Do you always give your kids what they want?
On a couple of occasions over the past year, I have mentioned or referred to anecdotes that we saw while reading through the Little House on the Prairie series with my kids. We are almost to the end of the stories and while a little simplistic and possibly over-romanticized, the books are a great way to develop a love of reading in young children. I have also been struck by the contrast between the 1800’s agrarian family life and modern lifestyles, especially in the United States. Children from that time period rarely went on vacation, typically received new clothes once a year and had extremely limited entertainment options.
Neither time period is necessarily better than the other, Matthew 6 says, “Each day has enough trouble of its own.” Every time period has positives and negatives, however, having worked with college and high school aged young people for most of the past two decades, I believe that one of the greatest challenges that we face in the contemporary world is how to raise children to be self-sufficient, patient and content in a time when their every want can be solved with money or credit in a relatively short period of time.
Recently, Mrs. Stew purchased a brand-new winter coat for my oldest daughter – who happens to be quite image/fashion conscious for a seven-year old. Our daughter loved the coat and was looking forward to wearing it when the weather grows cold. The coat had been hanging in our closet for only a couple of days when one of our friends called to say that she had a number of clothes to give us, including a winter coat. Our friend has girls slightly older than our children and often sends over bags of clothes after cleaning out their closets.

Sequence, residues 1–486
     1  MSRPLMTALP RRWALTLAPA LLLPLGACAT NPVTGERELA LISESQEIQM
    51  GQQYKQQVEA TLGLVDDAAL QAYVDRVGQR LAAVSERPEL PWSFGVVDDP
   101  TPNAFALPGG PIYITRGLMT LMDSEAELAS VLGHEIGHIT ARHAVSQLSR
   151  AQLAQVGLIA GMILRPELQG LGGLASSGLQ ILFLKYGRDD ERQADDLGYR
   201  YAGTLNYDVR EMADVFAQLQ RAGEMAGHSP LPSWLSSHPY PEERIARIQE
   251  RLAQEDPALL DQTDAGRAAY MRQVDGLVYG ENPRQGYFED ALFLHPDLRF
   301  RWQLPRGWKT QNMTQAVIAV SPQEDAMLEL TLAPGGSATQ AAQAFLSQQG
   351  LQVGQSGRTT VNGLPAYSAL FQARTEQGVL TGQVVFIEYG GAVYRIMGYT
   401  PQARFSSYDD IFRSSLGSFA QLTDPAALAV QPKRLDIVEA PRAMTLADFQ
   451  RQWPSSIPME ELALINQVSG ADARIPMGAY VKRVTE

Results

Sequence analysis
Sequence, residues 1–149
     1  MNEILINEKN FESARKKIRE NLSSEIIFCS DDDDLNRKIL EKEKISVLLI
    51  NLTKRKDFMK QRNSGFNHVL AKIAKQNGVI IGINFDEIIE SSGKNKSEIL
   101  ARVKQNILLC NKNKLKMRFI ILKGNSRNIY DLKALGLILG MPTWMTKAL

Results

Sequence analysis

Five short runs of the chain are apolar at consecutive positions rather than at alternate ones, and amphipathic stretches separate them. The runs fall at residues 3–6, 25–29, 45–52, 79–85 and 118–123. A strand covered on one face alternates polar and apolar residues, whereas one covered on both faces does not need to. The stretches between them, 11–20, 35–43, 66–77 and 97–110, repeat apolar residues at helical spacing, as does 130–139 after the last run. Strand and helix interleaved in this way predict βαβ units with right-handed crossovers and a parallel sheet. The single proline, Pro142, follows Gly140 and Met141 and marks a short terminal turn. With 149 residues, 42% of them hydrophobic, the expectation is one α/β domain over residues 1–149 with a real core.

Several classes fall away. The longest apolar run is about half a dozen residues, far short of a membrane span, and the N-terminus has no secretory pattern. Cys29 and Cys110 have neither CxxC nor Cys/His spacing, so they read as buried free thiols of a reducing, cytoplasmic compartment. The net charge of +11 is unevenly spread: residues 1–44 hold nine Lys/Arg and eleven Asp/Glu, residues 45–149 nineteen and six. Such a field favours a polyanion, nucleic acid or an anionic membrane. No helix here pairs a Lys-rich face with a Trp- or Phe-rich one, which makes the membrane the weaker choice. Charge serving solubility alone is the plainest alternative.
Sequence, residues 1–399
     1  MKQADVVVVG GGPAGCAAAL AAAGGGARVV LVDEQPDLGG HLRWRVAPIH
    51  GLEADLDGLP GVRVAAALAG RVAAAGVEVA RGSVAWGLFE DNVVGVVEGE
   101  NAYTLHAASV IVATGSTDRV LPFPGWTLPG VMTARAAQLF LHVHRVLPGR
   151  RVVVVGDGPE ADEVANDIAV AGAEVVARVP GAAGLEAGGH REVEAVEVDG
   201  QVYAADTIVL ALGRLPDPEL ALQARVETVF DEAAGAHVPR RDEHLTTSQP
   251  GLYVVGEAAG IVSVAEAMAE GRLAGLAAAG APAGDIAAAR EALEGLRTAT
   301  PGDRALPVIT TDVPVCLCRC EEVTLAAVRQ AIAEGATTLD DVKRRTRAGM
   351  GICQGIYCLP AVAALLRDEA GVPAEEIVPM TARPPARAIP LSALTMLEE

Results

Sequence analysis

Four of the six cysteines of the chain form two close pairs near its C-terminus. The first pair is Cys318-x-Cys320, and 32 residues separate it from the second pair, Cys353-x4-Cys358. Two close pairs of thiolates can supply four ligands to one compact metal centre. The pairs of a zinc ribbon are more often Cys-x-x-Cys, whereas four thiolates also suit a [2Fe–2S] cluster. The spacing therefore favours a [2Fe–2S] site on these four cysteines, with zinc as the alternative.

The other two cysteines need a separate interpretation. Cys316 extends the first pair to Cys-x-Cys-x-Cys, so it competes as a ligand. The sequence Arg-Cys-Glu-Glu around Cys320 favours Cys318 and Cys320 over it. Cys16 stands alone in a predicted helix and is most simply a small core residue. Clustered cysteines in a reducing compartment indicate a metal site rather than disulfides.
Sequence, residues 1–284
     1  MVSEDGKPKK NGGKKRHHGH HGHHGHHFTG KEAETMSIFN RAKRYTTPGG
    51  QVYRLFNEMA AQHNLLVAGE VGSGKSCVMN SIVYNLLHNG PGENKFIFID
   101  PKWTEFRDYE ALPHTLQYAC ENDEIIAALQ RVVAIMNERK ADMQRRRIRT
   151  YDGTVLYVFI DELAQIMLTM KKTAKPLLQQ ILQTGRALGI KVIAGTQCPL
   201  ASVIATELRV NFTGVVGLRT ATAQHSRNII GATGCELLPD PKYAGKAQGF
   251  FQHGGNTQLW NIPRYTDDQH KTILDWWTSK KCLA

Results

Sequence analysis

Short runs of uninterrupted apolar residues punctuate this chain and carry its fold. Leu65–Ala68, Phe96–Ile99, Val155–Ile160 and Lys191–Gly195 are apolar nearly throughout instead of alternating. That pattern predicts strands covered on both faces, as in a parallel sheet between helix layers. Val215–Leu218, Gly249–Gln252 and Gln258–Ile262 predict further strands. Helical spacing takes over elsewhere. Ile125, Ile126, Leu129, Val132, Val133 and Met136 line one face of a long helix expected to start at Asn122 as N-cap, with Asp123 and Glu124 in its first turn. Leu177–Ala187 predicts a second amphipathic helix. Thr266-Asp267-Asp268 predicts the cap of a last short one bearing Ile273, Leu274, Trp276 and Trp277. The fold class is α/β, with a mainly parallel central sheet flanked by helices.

Mrs. Stew informed our daughter that if a free and perfectly usable coat was coming our way, it did not make sense to purchase a brand new one. Mrs. Stew is in the process of returning the coat to the store.
My daughter took the news well, she likes the clothes that she gets from her friends. However, it was almost harder for Mrs. Stew and I to make even this relatively insignificant fiscal decision because we want our kids to have nice things. This is such a small area of friction, yet our instinct was to use money to prevent our daughter from experiencing even a little bit of disappointment. I cannot imagine the pressure on parents who have the means to solve almost every problem faced by their children with money.
There is a desire on the part of parents to please their children. Christ recognizes this fact in Luke 11:
Now suppose one of you fathers is asked by his son for a fish; he will not give him a snake instead of a fish, will he? Or if he is asked for an egg, he will not give him a scorpion, will he? If you then, being evil, know how to give good gifts to your children, how much more will your heavenly Father give the Holy Spirit to those who ask Him?
This is not a bad thing. Pleasing one’s children is one of the great joys in life, however, too much of a good thing can be bad. How often do you say ‘no’ to your children?
Article by Stew
Photo by ant.ronald